- Prior experiences, whether they be recent or dated can have the most direct impact on expectations.
- Media, including traditional outlets such as news and print media, but now also including an ever-growing proportion of influence through social media, also have a significant impact on expectations. This source of influence can be manipulated and may vary based on the trust established between the source and the individual.
To illustrate the concept, consider the last time you stayed at a hotel. When you reflect upon your hotel experience, generally you weren’t excited that you had a lock on the door to your room, or that you had pillows on your bed, or that you had hot water in the shower. Hotel guests anywhere in the world would expect these items and over time they have become so basic that without them, a hotel guest would be immediately dissatisfied and likely to remember these issues most. However, having a lock on your door, pillows on your bed or hot water in the shower these days during your stay doesn’t excite or create any memorable influence on your experience. They are simply the most basic of expectations against which we can measure delighters and other concepts that can be used to positively shape the hotel experience. Such delighters may be a warm cookie at check-in, complimentary room service breakfast, or your preferred newspaper at your door each morning.
Meeting Employee Expectations
While understanding customer expectations is important, what about the notion of employee expectations? Whether we silo ourselves in the measurement of customer or employee experience, consider the connectedness and influence of each together. We must remember that just as customers have expectations, so too do employees – about the organization, their work, career growth, and supervisory relationships. Whether they recognize it or not, employees also have an incredible responsibility to establish and uphold a positive organizational culture (which they themselves shape and can change by their collective actions every day) and are the medium through which any customer experiences this culture during the process of purchasing goods and services. This applies in all industries and environments, even when customers don’t engage as traditional buyers or interact with employees as traditional purchasers of goods and services.
Employee expectations are shaped much like those of a consumer and can also be measured in many ways. This data can help an organization understand first and foremost whether employees have high or low expectations of the organization. If expectations about factors such as recognition in the workplace are low, even the most basic effort to improve employee recognition may have a significant impact once implemented. Organizations supported by employees with high expectations may find greater difficulty in establishing and implementing ideas to improve, because the bar is set much higher. By measuring employee expectations, an organization can understand these varied levels and work to meet and exceed expectations – if for no other reason than the simple fact that they measure and know the level of employee expectations at different points in time.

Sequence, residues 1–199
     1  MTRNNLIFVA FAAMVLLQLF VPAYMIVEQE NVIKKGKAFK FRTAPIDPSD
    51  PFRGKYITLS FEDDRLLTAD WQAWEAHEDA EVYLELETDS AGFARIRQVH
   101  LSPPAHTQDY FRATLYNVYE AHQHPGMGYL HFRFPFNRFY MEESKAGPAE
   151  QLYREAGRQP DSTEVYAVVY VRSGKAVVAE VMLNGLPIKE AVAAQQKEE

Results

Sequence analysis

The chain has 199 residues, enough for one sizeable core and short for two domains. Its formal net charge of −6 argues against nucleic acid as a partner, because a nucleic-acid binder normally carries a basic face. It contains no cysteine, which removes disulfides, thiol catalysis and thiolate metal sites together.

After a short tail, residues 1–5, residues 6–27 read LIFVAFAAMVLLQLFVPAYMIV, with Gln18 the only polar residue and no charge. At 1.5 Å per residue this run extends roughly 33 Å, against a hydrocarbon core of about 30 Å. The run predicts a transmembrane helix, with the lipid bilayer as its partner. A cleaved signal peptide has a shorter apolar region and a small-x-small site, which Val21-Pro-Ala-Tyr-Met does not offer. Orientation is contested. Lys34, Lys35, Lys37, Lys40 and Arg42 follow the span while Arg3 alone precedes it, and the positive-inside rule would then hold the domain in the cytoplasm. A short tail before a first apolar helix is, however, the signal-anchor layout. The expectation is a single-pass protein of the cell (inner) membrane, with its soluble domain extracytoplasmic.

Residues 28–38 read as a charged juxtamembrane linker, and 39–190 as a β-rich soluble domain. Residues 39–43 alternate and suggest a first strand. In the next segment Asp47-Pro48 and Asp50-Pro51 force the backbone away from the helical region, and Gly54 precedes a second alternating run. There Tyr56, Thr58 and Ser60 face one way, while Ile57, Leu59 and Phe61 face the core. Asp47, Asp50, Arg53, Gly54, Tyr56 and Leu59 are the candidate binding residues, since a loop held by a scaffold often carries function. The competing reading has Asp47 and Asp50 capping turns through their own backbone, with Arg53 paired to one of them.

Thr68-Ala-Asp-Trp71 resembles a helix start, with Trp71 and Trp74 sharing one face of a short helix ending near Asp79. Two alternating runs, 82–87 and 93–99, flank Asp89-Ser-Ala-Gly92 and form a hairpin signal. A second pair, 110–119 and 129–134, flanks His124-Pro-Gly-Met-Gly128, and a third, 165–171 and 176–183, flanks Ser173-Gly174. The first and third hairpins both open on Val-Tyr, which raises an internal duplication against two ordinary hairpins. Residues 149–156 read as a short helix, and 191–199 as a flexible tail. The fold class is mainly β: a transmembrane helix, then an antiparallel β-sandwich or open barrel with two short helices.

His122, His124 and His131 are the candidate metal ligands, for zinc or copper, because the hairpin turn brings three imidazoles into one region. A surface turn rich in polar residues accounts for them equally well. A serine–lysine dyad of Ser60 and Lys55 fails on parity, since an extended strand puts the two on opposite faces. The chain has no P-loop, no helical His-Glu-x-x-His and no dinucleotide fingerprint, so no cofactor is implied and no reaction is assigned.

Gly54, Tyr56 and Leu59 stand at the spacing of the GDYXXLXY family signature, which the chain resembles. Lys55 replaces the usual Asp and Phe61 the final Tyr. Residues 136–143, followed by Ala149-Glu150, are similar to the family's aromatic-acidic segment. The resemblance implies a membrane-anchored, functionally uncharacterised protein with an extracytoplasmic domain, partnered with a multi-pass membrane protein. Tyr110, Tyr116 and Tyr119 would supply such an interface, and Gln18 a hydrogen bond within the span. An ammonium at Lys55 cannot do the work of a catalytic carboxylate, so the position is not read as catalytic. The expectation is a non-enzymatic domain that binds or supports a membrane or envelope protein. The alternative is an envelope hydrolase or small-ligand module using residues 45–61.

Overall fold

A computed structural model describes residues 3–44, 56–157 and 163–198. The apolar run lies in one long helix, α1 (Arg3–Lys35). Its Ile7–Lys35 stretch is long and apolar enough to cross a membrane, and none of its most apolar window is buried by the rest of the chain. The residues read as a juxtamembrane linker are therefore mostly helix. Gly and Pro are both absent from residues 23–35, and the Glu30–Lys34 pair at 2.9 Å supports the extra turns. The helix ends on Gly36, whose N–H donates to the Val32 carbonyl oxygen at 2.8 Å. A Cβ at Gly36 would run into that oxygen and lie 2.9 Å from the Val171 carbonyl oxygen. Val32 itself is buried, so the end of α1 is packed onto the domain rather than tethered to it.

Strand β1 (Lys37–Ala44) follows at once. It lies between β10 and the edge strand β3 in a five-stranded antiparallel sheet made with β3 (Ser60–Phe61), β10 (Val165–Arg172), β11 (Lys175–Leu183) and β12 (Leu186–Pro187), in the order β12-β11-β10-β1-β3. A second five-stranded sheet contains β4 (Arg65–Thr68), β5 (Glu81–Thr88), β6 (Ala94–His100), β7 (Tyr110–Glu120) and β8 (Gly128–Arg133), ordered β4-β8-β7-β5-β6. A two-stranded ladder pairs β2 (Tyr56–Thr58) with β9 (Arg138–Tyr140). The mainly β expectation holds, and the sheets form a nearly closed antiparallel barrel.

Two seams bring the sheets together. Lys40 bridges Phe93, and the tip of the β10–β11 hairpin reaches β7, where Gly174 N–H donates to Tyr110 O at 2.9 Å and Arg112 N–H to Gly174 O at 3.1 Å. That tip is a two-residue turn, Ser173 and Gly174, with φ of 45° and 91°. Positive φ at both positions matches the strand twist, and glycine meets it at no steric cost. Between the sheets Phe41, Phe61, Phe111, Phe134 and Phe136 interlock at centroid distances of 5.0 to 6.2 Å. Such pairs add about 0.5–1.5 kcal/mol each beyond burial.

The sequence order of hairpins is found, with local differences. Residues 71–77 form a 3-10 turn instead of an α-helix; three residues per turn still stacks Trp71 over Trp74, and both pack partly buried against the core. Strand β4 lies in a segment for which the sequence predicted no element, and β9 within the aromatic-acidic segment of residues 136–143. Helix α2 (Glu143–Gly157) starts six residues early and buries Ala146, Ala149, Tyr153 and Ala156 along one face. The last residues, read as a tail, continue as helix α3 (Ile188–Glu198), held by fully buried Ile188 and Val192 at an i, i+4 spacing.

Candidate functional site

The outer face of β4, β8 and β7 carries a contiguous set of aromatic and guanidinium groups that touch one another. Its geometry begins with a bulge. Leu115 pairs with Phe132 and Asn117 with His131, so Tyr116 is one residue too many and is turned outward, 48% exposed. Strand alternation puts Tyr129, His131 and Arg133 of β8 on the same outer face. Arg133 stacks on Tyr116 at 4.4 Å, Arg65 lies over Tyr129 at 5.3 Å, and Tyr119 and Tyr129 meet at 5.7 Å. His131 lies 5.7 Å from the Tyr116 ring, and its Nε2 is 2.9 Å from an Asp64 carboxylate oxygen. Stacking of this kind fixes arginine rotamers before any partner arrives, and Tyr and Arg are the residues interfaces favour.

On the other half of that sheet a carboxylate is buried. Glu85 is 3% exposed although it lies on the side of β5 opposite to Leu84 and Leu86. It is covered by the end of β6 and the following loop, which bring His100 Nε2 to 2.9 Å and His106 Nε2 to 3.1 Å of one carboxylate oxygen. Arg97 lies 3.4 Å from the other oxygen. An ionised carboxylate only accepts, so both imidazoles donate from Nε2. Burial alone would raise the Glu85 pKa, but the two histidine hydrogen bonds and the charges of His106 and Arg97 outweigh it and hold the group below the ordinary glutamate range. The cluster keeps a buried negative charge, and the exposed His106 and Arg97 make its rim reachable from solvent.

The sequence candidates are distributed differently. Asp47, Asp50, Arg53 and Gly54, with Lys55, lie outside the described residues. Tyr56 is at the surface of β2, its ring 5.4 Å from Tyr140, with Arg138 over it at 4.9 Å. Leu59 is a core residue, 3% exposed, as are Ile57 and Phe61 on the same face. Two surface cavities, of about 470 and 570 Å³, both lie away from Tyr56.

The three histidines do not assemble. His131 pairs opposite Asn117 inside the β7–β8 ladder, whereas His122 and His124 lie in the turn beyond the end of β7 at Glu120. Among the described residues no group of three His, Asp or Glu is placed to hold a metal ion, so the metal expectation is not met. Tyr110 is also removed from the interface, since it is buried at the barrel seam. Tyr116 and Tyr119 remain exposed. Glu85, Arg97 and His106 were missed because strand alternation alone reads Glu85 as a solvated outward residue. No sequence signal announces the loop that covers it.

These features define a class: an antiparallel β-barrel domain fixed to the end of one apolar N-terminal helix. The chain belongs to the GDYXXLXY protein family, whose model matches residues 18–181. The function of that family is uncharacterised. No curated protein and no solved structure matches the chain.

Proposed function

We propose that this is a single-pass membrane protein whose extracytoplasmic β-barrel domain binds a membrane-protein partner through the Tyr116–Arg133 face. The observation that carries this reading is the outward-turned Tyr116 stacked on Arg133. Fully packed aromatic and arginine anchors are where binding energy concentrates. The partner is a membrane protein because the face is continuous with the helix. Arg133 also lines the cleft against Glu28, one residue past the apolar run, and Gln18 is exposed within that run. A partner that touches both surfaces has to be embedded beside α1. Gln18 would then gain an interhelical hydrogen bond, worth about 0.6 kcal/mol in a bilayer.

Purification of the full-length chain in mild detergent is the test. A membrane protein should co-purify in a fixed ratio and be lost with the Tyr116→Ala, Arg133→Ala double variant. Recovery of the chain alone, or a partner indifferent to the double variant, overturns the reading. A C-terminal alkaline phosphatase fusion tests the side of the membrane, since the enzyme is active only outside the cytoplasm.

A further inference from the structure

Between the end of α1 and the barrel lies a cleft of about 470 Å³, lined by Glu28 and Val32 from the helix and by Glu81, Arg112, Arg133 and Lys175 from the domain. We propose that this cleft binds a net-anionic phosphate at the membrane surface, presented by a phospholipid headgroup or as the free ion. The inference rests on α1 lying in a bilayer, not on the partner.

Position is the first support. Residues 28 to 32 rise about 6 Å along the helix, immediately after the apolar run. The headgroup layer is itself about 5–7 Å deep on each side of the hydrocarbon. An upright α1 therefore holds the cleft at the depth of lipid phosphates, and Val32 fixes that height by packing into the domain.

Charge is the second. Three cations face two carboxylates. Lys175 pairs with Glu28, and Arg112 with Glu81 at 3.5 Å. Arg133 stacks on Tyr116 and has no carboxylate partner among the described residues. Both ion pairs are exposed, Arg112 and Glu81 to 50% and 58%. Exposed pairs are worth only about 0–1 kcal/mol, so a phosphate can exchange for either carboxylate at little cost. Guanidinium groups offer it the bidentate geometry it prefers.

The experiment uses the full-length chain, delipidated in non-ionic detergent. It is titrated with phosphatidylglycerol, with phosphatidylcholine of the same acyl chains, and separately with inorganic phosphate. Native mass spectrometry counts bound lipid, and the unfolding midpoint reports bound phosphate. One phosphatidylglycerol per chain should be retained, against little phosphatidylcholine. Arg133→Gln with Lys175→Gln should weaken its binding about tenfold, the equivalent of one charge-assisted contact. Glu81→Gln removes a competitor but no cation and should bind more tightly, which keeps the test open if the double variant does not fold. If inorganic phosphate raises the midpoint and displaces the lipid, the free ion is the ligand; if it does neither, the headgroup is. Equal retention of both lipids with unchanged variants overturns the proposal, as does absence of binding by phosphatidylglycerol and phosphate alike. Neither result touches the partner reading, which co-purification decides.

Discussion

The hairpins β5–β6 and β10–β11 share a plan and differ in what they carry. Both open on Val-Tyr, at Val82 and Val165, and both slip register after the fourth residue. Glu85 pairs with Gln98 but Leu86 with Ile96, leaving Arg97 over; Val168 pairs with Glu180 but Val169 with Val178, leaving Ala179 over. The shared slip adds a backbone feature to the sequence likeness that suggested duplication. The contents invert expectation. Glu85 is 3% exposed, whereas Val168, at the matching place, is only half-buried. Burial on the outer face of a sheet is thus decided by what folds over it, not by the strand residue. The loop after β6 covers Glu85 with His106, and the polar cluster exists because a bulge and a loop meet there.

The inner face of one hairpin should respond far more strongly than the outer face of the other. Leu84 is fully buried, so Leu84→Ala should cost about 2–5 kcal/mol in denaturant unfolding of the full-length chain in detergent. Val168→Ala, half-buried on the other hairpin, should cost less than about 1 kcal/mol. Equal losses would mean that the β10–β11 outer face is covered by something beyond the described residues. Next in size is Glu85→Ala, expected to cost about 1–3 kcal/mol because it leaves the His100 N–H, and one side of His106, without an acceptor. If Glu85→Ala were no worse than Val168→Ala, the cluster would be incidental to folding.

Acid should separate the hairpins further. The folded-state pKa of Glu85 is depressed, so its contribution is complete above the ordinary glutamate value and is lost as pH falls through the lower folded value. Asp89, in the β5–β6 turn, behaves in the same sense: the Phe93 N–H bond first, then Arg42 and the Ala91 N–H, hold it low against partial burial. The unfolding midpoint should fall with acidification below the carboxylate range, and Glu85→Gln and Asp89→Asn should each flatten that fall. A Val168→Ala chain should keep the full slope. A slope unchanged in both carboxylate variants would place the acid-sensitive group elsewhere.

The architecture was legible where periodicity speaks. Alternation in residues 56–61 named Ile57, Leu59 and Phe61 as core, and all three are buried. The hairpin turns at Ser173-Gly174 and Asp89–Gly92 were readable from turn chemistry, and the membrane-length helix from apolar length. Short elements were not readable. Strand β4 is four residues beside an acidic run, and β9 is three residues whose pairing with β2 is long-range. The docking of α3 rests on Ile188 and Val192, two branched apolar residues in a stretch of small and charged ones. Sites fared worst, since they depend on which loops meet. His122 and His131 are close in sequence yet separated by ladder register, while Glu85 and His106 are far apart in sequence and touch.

It can also be interesting to note how an organization compares to other companies in a similar industry about employee expectations. Such comparisons are available for both the level of employee expectations within an industry and a comparison on expectations movement over time against other organizations. Most importantly however is the internal benchmark within a single organization over time.
Understanding Expectations Leads to Increased Performance
Recognizing that employees have expectations and offering them the opportunity to not only share their experience within the organization but also the chance to convey what they expect can establish deeper insights for those tasked with establishing engagement goals and areas for improvement. When collecting employee feedback, through a regular annual-type survey or through open listening or pulse survey strategies – consider the measurement of employee expectations to understand foundationally what employees expect as well as how you perform. This comparison, the difference between the expectation and performance can truly be an influential tool in understanding and improving organizational culture and employee engagement.